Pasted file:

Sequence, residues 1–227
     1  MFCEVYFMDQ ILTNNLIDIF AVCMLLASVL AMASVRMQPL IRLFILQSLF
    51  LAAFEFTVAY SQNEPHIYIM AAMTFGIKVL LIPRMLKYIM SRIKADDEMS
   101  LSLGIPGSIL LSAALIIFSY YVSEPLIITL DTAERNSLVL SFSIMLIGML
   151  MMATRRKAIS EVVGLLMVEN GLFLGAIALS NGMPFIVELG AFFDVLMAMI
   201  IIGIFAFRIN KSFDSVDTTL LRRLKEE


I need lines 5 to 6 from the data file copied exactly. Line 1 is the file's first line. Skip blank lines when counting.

   151  MMATRRKAIS EVVGLLMVEN GLFLGAIALS NGMPFIVELG AFFDVLMAMI
   201  IIGIFAFRIN KSFDSVDTTL LRRLKEE